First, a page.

New Study Finds Shortcomings of Medicare Advantage Plans
A growing number of Medicare beneficiaries receive their care through HMOs and PPOs, known as Medicare Advantage plans. Yet little is known about the size and scope of the provider networks available to them, and participants can face significant expense if treated by an out-of-network provider. A study from the Henry J. Kaiser Family Foundation looked at Advantage plans in 20 diverse U.S. counties (accounting for 14% of those enrolled in Medicare Advantage plans nationwide in 2015) to evaluate how these provider networks are structured.
Medicare Advantage plans are appealing to many cost-conscious seniors because 1) they include prescription drug coverage; 2) they often include dental care, eyeglasses, gym memberships and other services; and 3) the premiums are substantially less than a traditional Medigap Plan (Medicare Supplemental Insurance) plus Part D drug plan.
Premiums for Advantage plans are lower because they manage patients’ care and limit choice. They assemble networks of hospitals and physicians to control their costs and reduce their customer’s premiums, but they also limit access to certain providers and increase the cost for care obtained out-of-network. While Medicare allows people to seek care from any provider participating in Medicare (virtually all hospitals and physicians), Medicare Advantage plans generally restrict coverage (except in emergencies) to affiliated network providers.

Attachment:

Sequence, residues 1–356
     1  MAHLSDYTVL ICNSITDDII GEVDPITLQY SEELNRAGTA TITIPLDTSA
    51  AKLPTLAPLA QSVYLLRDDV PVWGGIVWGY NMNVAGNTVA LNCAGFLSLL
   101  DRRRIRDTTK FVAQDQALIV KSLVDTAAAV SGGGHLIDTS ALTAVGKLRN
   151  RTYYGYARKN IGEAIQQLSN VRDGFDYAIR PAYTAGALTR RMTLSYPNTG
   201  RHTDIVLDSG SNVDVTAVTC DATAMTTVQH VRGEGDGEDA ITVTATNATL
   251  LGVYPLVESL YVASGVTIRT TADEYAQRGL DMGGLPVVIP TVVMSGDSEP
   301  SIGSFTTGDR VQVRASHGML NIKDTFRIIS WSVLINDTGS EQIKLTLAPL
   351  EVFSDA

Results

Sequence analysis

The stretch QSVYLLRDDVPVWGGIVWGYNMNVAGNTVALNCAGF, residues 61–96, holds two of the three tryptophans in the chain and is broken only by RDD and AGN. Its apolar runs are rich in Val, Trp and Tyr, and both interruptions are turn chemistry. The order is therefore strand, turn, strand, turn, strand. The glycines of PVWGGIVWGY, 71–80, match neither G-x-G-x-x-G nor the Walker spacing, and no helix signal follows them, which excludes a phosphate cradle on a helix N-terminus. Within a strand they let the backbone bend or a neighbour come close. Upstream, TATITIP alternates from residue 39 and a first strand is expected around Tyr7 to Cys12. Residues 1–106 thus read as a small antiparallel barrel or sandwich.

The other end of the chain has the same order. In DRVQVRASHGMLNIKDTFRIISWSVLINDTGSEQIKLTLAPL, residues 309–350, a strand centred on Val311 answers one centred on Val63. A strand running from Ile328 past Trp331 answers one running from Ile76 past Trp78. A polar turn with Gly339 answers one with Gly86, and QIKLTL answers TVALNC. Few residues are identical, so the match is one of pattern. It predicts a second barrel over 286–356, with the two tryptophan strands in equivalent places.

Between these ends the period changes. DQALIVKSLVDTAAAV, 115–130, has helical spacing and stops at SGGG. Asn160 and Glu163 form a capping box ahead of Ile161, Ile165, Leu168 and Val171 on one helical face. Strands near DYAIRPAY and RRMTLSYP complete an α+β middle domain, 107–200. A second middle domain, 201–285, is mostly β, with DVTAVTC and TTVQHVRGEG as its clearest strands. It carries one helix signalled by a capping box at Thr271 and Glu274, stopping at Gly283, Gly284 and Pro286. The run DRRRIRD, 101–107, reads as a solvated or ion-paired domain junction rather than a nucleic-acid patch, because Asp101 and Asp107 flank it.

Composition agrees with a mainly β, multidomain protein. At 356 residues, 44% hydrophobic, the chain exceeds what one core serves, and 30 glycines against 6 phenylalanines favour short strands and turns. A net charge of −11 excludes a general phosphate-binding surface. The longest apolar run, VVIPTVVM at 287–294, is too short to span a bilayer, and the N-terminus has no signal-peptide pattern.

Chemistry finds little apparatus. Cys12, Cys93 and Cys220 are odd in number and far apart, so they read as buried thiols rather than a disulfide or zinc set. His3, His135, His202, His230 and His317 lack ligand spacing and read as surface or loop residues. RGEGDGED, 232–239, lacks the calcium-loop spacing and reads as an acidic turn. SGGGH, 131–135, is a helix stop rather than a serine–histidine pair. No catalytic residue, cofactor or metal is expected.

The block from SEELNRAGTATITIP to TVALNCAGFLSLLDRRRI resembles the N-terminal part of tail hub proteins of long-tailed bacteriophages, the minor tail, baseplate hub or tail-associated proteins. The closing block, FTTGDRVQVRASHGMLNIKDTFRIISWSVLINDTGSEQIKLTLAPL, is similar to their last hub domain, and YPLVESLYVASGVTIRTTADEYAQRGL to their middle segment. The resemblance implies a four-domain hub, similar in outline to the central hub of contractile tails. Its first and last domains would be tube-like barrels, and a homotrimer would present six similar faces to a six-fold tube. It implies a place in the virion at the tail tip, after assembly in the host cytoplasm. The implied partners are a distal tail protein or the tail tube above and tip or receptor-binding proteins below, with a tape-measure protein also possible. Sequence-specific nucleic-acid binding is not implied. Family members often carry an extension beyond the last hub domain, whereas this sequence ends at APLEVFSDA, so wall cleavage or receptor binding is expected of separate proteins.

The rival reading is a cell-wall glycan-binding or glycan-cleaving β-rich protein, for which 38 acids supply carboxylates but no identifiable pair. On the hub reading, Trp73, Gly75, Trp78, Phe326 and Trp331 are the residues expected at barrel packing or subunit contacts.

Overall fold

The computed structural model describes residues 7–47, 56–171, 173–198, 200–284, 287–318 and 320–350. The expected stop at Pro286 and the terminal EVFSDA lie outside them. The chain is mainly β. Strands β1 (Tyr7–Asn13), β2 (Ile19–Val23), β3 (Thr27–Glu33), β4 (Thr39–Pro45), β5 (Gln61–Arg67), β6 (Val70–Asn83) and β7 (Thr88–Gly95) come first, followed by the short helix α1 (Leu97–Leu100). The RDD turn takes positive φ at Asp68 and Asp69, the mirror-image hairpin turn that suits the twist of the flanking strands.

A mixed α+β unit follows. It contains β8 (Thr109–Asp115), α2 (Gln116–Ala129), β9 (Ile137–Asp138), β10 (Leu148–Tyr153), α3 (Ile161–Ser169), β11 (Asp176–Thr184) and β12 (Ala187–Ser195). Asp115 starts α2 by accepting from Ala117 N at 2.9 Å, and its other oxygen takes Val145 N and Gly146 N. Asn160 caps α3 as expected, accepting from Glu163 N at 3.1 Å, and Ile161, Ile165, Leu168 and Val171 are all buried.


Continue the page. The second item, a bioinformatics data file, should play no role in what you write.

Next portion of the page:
The Kaiser study looked primarily at hospitals in the networks. Key findings include:
- In several counties, all of the Advantage plans had only small or medium-sized hospital networks and excluded at least one-third of the hospitals within their borders.
- While a majority of the Advantage plans included an academic medical center, a high percentage did not list high-quality, high-cost cancer treatment centers (like National Cancer Institute) in their networks.
- It can be difficult to determine if other specialty care facilities (heart, rehabilitation, women’s care centers) affiliated with a hospital listed in an Advantage plan network are covered as part of a plan’s provider network.
- It can be difficult to compare access to care and future out-of-pocket costs across Advantage plans. Costs vary greatly among the networks, and coverage is often described in complex, incomplete or confusing insurance plan documents.
- The number of choices can be overwhelming. For example, in Cook County (which includes Chicago), eight different insurance companies are selling 19 Advantage plans with ten different provider networks.
- The format for network provider information varies greatly from network to network, and is often not kept current. In one instance, a hospital that was included in a network had been closed years earlier.
- Medicare Advantage plans are allowed to change their networks at any time during the calendar year, yet Medicare Advantage enrollees have the option of switching to a different Advantage plan or traditional Medicare only during the annual open enrollment period (October 7-December 15).
People on Medicare have said that when considering Medicare Advantage plans, access to certain hospitals and doctors is a top priority for them. Traditional Medicare includes the vast majority of providers and the broadest possible provider network. But if an Advantage plan sounds appealing to you, as it does to the almost 18 million seniors currently in these plans, you’ll need to do your homework to verify how to use the coverage provided in the network before you need it.